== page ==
Back in 2016, Rachel Quednau wrote a piece in this space titled “Stuck with Strip Malls.” By “stuck with,” she meant that they will continue being built as long as our regulatory and financing systems incentivize them:
Until we change the government regulations that induce strip mall development (or until every strip mall fails completely), we’re stuck with these low-returning investments in our towns and cities.
We’re also stuck with them in the literal sense: Thousands of these structures will remain a part of the built environment, whether or not we keep building or financing them. Many will probably fail as they’re currently constituted, especially given the ongoing growth of e-commerce. In affluent and growing regions, such as Northern Virginia where I live, it’s common for older strip plazas to be torn down and redeveloped into mid-rise apartments or mixed-use centers. This type of development has its pros and cons; my own view on it is cautiously positive, as I explored here in Maryland’s affluent DC suburbs.
But are there ways for strip malls to be reinvented or reimagined in inexpensive, low-tech, incremental ways? Absolutely. We can see this process unfolding in many places. For example, take a look at this aging strip plaza in a more working-class community in Montgomery County, Maryland. Its anchor store, previously an Ames discount store (similar to a K-Mart), is now a cavernous thrift store. Its overbuilt parking lot, in a neighborhood where many residents do not own cars, now hosts a series of small businesses, from food trucks to produce sales to auto repair.
This is a very informal example, as the space has not been renovated or retrofitted in any way. In Falls Church, Virginia, there’s a somewhat more deliberate and more expensive example that still retains the strip mall form: Eden Center, a plaza home to dozens of Vietnamese restaurants, shops, and services, along with cultural events.
Eden Center is a huge attraction for Vietnamese Americans, as well as one of the most notable tourist attractions in the Northern Virginia suburbs. It has put the area on the map as a culinary and cultural center. (Businesses and restaurants from other Asian cultures, such as a Chinese hotpot restaurant and Korean barbecue restaurant are also tenants here.) While it might seem odd that a strip mall could house such culturally interesting stuff, that idea sells short the possibilities for these spaces.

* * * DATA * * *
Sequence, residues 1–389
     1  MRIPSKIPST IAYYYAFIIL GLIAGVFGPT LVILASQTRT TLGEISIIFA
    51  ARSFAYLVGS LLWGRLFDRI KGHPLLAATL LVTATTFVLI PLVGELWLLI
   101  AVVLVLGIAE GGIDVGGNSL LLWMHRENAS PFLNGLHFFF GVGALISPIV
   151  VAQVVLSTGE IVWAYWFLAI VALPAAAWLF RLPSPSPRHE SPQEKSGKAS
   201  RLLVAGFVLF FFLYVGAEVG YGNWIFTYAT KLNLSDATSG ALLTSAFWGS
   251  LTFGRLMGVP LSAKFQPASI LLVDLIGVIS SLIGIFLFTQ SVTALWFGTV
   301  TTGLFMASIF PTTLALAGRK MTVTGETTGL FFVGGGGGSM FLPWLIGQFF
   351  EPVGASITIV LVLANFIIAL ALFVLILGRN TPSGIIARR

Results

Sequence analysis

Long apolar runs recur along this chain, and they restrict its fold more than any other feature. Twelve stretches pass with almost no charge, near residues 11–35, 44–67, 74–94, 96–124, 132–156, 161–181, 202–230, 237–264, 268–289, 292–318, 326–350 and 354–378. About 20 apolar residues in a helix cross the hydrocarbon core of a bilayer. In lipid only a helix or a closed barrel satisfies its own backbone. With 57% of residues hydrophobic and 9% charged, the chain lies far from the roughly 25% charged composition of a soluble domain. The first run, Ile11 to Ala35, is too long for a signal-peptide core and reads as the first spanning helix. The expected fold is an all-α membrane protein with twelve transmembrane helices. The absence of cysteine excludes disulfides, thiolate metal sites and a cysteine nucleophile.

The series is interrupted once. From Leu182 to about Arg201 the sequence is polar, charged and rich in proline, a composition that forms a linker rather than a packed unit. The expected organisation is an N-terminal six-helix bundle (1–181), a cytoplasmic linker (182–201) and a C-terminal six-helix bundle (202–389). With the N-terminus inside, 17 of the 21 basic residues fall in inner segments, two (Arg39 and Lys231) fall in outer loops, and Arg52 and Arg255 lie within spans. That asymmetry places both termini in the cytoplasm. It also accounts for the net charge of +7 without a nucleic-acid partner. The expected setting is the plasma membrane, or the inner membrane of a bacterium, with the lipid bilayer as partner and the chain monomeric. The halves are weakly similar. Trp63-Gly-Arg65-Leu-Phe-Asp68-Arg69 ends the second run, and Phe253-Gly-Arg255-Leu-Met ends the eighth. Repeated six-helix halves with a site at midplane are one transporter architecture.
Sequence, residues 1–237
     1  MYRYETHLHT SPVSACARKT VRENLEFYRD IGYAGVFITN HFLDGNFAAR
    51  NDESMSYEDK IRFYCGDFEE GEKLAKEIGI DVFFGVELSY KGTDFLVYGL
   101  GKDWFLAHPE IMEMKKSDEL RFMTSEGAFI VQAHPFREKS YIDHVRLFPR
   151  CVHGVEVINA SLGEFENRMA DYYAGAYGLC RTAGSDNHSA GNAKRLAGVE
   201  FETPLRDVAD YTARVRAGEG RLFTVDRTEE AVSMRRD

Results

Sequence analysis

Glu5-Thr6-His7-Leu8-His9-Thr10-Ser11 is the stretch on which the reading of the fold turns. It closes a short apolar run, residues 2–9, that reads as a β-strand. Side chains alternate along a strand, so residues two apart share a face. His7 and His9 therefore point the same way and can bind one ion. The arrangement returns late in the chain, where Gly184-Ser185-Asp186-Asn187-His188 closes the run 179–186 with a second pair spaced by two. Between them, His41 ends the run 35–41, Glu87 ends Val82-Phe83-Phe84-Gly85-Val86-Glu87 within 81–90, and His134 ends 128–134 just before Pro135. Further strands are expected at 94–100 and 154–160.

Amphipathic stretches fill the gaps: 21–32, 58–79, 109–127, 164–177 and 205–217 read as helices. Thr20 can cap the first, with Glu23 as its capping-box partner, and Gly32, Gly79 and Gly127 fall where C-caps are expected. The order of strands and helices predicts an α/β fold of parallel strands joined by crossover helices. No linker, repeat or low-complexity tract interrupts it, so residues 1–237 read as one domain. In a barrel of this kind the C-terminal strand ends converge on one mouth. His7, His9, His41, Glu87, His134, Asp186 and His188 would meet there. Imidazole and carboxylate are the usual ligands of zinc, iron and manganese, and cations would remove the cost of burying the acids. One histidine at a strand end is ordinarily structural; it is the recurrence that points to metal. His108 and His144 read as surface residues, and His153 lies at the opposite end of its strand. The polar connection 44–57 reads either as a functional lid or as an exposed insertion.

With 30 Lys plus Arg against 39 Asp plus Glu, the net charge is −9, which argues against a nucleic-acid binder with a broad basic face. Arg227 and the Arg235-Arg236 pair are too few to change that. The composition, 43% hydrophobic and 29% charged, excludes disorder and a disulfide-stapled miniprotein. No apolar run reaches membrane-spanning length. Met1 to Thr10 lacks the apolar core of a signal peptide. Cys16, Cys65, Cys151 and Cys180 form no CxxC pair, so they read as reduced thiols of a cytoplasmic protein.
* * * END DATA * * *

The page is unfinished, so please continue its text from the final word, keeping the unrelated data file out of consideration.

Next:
Eden Center almost didn’t exist. Back in the 1980s, the strip plaza, opened in the early 1960s, was beginning to show its age. And at the same time, many Vietnamese Americans who had been displaced by DC Metro construction or rising rents further east ended up in Falls Church. Vacancies in the plaza beckoned, and little by little, the Vietnamese-American community opened businesses there until the place had a new identity. The company that owns the plaza became invested in the concept, and undertook architectural improvements, renovations, and expansions.
It’s sometimes suggested that this kind of thing has something to do with the fact the entrepreneurs involved are immigrants. There’s probably something to this, inasmuch as immigrants do start businesses at high rates, and many immigrants’ home countries have traditional built environments that they can draw on as a model for their approach to the American built environment. But to reduce this phenomenon to some notion of the magic of immigrants, or to view it as somehow “foreign,” would be wrong. The reality is that America’s centerless auto-oriented suburbs are the outlier and the oddity.
But, as noted, there are so many of these landscapes that they will survive in some fashion, no matter how much urbanist ideas take hold. On the one hand, strip malls and their associated built environments are poor investments. But on the other hand, they exist here and now. Strong Towns’ focus on incremental, small-scale development can be applied to them, too.
So what does Eden Center look like, and how has it subtly improved the functionality and productivity of the strip-plaza urban form? Here’s the view from above. Known as Seven Corners, this intersection is one of Northern Virginia’s busiest and most car-oriented areas.